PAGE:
Beautiful Free Modern Fonts

The “form follows function” design principle applies to modern fonts as well. Modern fonts are based on geometric lines and forms that are clean, clear, and easy to read. When a creative twist or a touch of detail is added, these fonts can easily take on a cool, contemporary style, as you will observe in some of the free fonts pictured below.

Because of the sheer elegance embodied in many of them, modern font styles have become especially popular among web designers. You’ll see them used in logos, headers, and images where they often mimic letters and characters drawn with brushes, pencil, pen, and ink or markers. Modern fonts tend to share a common characteristic – they are artistic.

Modern fonts are not all that hard to locate. The problem is, given the vast amount of online font collections that are readily available, finding the right one for your brand can require an exhaustive search. You will, however, find it quite helpful if you can visualize or sketch out the look you want before initiating your search.

It’s important to bear in mind that fonts that are a bit more edgy and artsy are best reserved for use in logos and headers. Fonts that are a bit more subdued in appearance are more suitable for use in body text. There is not as great a need for the words to stand out, plus the fact that more reserved fonts tend to be more readable.

Here is a selection of free fonts that can help you visualize your brand, and make it more recognizable to others:

Headthinker1headthinkerA sans-serif font designed by Ian Currie.

Mentone SemiBold2mentone_semiboldDesigned by Paragraph, a sans-serif font with a subtle angular feature.

Material Sans Medium3material-sans-mediumSubtle rounding effects characterize this design by Davide Mottes.

Correspondent4correspondentA highly readable serif style by Ten by Twenty. Excellent for text body.

Delicious-Roman6delicious-romanJos Buivenga’s san serif creation. A choice for branding.

Days
5daysVery modern, very readable, highly rated.

MonaKo
7monakoBy Manfred Klein, a modern font with a hint of retro.

FolksDecoon8folksdecoonA light font creation, also by Manfred Klein.

Sansation
9sansationA straightforward design with a few hip nuances.

ParmaPetit-Normal10parmapetitAnother Manfred Klein contribution – best for logos, branding, or headers.

Tenby Five
11tenby_fiveA solid, futuristic look – designed by Futuristic.

Surface Medium12surfacemedium

Ambrosia
13ambrosia

Anivers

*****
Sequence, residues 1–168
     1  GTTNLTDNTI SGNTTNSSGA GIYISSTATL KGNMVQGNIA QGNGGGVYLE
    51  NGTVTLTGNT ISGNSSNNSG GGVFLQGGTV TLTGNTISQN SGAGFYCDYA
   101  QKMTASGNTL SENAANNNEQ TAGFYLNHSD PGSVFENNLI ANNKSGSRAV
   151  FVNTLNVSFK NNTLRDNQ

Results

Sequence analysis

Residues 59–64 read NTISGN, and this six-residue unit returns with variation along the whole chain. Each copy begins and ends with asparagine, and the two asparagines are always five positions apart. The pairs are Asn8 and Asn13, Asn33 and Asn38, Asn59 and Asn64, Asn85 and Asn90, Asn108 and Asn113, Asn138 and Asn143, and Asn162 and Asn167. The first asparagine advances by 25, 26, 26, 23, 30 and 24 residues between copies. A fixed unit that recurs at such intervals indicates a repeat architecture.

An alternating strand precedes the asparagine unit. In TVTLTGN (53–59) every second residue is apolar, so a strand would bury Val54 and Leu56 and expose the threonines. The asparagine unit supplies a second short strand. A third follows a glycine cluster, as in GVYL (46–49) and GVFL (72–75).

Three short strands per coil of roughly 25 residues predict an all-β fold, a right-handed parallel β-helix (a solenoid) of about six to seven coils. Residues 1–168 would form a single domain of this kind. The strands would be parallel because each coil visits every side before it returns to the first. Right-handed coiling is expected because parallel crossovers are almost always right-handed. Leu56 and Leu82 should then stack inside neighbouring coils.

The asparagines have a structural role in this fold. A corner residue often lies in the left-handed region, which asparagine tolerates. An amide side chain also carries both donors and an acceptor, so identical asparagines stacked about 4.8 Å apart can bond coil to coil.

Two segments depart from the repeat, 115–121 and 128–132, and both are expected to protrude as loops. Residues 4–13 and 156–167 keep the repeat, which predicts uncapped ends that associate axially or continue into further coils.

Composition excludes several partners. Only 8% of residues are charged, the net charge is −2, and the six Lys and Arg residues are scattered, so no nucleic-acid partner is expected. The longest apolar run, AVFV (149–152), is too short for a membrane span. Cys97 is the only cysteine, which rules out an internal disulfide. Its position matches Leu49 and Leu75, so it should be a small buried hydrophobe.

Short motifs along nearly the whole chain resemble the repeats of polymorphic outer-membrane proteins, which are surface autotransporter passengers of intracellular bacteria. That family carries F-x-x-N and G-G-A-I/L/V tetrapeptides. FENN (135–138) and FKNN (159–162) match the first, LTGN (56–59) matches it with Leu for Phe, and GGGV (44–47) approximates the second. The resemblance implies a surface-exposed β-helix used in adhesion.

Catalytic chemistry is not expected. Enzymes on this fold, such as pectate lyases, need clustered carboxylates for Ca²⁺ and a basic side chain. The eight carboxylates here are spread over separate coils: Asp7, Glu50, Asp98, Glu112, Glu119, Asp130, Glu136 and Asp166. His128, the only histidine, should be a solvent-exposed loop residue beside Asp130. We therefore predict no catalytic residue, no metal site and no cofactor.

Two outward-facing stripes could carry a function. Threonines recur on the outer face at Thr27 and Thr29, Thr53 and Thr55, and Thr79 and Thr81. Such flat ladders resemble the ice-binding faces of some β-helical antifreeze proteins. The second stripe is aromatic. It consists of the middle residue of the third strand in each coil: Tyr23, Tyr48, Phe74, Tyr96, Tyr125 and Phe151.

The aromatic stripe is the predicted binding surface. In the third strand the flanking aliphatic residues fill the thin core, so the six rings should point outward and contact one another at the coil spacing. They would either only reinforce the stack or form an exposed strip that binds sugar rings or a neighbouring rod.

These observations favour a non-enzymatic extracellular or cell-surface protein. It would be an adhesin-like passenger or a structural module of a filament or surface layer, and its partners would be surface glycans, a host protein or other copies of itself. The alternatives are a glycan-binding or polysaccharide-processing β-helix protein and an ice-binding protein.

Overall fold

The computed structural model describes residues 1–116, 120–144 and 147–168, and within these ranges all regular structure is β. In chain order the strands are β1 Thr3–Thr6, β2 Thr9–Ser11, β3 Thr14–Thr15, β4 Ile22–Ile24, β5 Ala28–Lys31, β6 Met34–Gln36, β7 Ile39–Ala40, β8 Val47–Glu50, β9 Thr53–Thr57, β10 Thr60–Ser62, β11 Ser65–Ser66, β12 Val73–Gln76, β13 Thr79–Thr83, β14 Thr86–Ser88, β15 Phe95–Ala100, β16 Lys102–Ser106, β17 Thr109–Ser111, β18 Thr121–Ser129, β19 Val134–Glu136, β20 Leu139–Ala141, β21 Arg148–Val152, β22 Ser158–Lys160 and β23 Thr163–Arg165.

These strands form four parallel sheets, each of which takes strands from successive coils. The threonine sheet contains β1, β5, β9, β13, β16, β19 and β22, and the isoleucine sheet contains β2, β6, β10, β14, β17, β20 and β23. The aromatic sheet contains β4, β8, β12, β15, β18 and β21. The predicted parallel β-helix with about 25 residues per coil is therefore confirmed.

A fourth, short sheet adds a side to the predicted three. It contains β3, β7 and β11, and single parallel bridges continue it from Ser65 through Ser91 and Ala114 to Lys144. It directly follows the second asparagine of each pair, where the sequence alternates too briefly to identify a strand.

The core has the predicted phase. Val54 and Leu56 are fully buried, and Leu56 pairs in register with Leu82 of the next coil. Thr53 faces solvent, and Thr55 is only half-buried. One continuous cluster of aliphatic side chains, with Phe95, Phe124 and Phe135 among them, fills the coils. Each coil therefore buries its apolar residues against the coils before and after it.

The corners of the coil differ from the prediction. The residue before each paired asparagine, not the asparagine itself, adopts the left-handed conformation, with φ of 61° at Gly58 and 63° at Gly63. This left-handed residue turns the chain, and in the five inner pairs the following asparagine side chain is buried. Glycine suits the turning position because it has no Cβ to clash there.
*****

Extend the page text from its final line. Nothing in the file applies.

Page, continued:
14anivers

Gentium
15gentium

Why Modern Style?

Modern style font types represent the end of the evolutionary period of pen-inspired characters. This style came into being as an attempt to create a contemporary written/printed communication format. As the use transitional fonts became more widespread and gained in acceptance, there came about an awareness for a unique type design that has since become prominent throughout Europe, and especially so in Italy and France.

The Baskerville type in particular, was largely responsible for enabling printers and designers to avoid Old Style fonts and follow the practice of continually refining and perfecting font types.

The Influence of Bodoni

The modern style is not, as the name may imply, something brand new. It reached a pinnacle as the works of Bodoni became increasingly popular. Bodoni is still held in high esteem by today’s type designers in their attempts to create well-crafted renditions or make digital copies of his works. While many of these renditions are in one way or another imperfect, they nevertheless make a statement about Bodini’s influence in the world of typography.

During his illustrious career, Bodoni designed and created thousands of punches and hundreds of unique type styles. His Manual Tipografico, published in 1818, presents more than 100 Roman type styles, together with their Italic versions. Other versions include ornaments for types and types for Tibetan, Greek, Russian, and Arabic letters and characters.

Bodoni’s success as a type designer led to his being commissioned to create a royalty press by the Duke of Parma. Its purpose was to create refined published texts for the upper class, rather than for mass production. His refined eye and masterful methods, made Bodoni a perfect choice for the job. His work was deemed unsurpassed, and even legendary, by his contemporaries throughout his lifetime and beyond. Even today, it is considered by many to be unmatched.

Bodoni’s success may be due to the simple fact that his goal was to create art in typography, to pursue art for art’s sale alone, and to create beauty for the sake of beauty. He idolized the work of Baskerville, and he wanted to create a more logical form to that work. In doing so, Bodoni did not limit himself to the pen, nor to his imagination. He employed precise mathematical calculations to arrive at the finest strokes, which he would transfer to copperplate as a perfect form for printing.

It was Didot who carried the most influence with type makers and designers thirty years ago, but it was the precise work of Bodoni that still holds sway across Europe. Bodoni nevertheless respected Didot’s contributions. He even worked with some of his fonts to create the Roman Style which, compared to its predecessors, was considered to be rather radical. Bodoni’s work may have been placed on a higher pedestal by his contemporaries, but Didot’s creations are still looked upon as truly refined and creative masterpieces.

These articles are formulated deep within the Creativeoverflow compound. Picked by hand and posted by the team over at HQ. They usually comprise of new releases, news, opinions, questions, giveaways, freebies and more.

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